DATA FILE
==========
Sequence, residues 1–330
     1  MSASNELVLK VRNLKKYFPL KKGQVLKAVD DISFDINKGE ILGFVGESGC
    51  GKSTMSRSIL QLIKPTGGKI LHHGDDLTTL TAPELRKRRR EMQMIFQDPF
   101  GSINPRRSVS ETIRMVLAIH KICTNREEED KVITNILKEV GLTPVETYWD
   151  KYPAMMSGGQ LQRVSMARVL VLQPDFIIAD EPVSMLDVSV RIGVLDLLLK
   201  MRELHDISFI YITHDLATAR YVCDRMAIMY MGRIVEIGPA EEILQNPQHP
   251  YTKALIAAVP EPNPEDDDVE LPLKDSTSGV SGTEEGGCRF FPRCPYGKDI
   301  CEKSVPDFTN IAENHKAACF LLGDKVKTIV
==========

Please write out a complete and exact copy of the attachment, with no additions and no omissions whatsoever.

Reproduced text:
Sequence, residues 1–330
     1  MSASNELVLK VRNLKKYFPL KKGQVLKAVD DISFDINKGE ILGFVGESGC
    51  GKSTMSRSIL QLIKPTGGKI LHHGDDLTTL TAPELRKRRR EMQMIFQDPF
   101  GSINPRRSVS ETIRMVLAIH KICTNREEED KVITNILKEV GLTPVETYWD
   151  KYPAMMSGGQ LQRVSMARVL VLQPDFIIAD EPVSMLDVSV RIGVLDLLLK
   201  MRELHDISFI YITHDLATAR YVCDRMAIMY MGRIVEIGPA EEILQNPQHP
   251  YTKALIAAVP EPNPEDDDVE LPLKDSTSGV SGTEEGGCRF FPRCPYGKDI
   301  CEKSVPDFTN IAENHKAACF LLGDKVKTIV